Cell Phone

I know that this is a given for most of us, but don’t leave home without it. Don’t leave your cell phone in your car when you’re running into the gas station. It should always be on you. Your phone is an endless resource of knowledge, a lifeline to call for help and a great way to keep up with current events as they are unfolding via social media.

Also make sure your phone is in a solid case that will protect it from accidental drops and weather. A Lifeproof Case is an excellent choice. It’s pricey, but I believe it’s a worthwhile investment.

Legal Defense Program

There are several law firms offering coverage for responsibly armed citizens. Basically, you pay a subscription every month to be a part of their program and when/if you are involved in a defensive shooting, they provide an attorney to represent you in civil or criminal proceedings. I am a member of Texas Law Shield and would highly recommend them as they have excellent customer service.


Be Mentally Prepared

  • Know your local laws.
  • Understand what happens to the body in high stress situations and how to deal with those effects. (See “On Combat” by Lt. Col. Dave Grossman)
  • Maintain a good level of situational awareness. (This means don’t walk around with your eyes on your News Feed all the time.) Be aware of what’s going on around you.

Be Physically Prepared

  • Have a good working knowledge of your gear. Know how to clear malfunctions in your firearm and how to use your trauma kit if you carry one. If not, why don’t you?
  • Train with what you carry.
  • Be consistent in what you carry, don’t switch out your gear all the time. Of course things can change as frequently as the weather, or different dress codes, but try to have consistent loadouts for each situation. Figure out what works for you when you wear a suit, heavy clothes in the winter, or shorts and a t-shirt in the summer and stick with that.
  • Be in good shape so that you can run when you need to run and fight when you need to fight.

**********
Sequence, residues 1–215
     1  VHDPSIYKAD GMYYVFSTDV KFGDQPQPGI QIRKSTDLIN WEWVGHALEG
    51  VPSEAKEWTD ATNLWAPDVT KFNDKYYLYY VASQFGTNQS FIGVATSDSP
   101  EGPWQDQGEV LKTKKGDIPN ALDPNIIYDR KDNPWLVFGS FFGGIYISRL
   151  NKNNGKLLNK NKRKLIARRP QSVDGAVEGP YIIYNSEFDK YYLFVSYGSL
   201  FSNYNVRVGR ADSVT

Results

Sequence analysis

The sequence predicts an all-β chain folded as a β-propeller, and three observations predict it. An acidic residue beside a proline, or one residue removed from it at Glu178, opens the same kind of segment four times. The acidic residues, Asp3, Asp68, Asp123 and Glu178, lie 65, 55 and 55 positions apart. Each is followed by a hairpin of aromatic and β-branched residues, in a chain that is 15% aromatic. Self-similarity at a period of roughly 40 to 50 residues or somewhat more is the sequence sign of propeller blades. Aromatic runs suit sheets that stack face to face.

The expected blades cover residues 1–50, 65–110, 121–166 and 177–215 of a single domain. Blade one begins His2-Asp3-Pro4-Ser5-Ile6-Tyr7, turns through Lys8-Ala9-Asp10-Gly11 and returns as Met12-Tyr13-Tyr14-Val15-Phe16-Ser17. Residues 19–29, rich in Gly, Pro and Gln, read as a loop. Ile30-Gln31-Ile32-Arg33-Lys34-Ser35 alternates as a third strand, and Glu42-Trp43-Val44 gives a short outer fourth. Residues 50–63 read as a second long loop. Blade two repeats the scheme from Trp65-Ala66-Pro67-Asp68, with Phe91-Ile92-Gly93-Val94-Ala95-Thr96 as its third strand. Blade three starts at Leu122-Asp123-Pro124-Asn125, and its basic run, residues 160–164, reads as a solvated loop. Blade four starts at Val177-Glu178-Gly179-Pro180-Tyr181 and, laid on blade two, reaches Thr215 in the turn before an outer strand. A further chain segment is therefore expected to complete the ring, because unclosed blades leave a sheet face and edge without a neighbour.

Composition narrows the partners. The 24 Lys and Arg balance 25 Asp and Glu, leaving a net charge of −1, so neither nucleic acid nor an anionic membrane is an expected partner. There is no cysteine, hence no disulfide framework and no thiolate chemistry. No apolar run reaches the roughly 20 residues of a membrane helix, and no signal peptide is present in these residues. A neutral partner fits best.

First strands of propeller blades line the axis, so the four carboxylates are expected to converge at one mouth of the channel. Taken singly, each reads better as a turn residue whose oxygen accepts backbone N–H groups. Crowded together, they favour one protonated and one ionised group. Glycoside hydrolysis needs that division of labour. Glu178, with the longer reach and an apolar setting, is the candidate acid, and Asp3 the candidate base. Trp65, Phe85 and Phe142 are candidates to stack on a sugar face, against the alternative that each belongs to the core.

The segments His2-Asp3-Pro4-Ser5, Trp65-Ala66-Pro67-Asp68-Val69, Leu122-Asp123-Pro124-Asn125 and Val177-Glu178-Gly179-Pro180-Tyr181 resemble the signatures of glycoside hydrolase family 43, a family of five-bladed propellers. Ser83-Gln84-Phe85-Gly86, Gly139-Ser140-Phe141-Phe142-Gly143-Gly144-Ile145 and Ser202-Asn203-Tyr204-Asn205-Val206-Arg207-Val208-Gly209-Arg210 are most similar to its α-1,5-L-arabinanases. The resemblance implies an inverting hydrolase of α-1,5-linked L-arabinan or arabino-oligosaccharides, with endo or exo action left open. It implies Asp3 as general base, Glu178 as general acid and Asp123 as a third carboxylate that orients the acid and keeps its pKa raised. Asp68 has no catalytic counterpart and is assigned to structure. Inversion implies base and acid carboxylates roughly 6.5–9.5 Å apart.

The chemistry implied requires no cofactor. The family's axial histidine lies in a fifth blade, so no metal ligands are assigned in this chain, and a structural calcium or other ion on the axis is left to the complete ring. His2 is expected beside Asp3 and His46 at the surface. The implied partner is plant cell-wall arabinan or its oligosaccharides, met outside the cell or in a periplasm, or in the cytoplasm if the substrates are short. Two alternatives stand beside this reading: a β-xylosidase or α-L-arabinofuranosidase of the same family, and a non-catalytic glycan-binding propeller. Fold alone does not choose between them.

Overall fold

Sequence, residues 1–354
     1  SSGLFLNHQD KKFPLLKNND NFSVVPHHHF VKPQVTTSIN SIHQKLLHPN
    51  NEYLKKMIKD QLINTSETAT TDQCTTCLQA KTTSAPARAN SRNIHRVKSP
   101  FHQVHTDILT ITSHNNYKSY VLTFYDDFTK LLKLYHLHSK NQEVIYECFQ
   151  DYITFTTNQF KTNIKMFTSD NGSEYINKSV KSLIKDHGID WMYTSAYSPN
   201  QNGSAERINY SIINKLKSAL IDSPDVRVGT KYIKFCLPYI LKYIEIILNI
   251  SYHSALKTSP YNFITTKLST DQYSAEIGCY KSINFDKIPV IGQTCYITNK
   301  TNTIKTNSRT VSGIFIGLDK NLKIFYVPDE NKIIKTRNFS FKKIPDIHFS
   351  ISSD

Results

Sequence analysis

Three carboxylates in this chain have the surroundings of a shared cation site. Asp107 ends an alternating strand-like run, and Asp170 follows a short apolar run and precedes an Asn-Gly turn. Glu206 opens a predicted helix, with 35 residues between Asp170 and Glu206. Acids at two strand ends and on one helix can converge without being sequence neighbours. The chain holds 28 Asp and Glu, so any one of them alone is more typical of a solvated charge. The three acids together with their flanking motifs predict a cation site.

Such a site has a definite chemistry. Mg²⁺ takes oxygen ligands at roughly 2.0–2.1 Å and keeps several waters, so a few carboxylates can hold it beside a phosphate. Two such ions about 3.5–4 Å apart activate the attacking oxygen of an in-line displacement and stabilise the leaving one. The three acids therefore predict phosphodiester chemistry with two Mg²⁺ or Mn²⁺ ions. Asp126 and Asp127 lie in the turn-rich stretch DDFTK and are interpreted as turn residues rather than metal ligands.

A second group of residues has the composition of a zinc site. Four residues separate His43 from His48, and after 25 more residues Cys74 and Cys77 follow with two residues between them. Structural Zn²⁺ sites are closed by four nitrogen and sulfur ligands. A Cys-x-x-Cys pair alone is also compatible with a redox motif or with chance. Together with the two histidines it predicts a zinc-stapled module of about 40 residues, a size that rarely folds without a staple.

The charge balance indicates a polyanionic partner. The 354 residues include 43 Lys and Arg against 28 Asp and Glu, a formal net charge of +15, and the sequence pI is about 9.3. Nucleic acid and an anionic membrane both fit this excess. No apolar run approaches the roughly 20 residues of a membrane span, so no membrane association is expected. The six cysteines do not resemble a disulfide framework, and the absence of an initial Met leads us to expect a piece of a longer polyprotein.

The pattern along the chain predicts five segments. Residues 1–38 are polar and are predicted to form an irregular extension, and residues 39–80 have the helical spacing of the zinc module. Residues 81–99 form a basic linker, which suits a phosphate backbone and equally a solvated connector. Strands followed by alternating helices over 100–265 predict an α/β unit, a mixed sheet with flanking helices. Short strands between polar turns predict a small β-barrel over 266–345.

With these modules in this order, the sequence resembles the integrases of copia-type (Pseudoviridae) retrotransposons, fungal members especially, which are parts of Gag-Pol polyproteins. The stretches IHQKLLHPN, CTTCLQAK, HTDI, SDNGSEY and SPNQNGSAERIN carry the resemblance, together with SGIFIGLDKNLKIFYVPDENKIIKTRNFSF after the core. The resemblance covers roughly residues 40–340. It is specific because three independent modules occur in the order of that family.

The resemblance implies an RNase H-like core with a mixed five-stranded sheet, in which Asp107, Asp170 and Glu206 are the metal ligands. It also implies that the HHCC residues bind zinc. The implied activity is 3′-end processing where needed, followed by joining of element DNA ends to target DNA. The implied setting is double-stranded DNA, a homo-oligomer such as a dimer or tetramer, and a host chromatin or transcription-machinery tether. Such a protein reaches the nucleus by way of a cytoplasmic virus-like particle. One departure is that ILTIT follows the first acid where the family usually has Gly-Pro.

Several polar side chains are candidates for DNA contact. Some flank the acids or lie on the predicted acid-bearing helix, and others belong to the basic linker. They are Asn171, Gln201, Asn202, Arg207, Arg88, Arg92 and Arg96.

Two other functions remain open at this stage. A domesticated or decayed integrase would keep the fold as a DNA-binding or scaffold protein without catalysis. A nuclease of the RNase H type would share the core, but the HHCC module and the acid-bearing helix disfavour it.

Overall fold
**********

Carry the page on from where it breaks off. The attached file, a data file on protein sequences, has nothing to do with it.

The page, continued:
Blend In

Let’s be honest, we all love gear. We love velcro, tactical pants, morale patches and coyote everything. Unfortunately in a public place like a mall or restaurant, these things can make you stick out like a sore thumb. Most likely, “tactical” is not “practical” in your everyday life. Wear regular clothes and be a regular guy until the situation dictates otherwise.

Pick Your Battles

This is something my dad has always taught me. This especially applies if you’re taking on the responsibility of carrying a concealed firearm. Always be aware of situations that are unfolding around you, but don’t look for an opportunity to get into a fight or be a “hero.”

Having a Concealed Handgun License does NOT give you the right to “play cop” and interfere every time you see a couple arguing or 2 guys fighting outside a bar. Fate may throw a situation your way in which someone absolutely needs your help, but don’t go searching for it. To quote Matt Graham of Graham Combat, “There’s no reason to fight a fight that I don’t have to. For personal security, the most tactically advantageous part of an engagement is disengagement.”

Editor-in-Chief’s Note: Matt F. has worked in Law Enforcement/Corrections for 5 years and is a Defensive Tactics Instructor for his department. He is also an avid musician.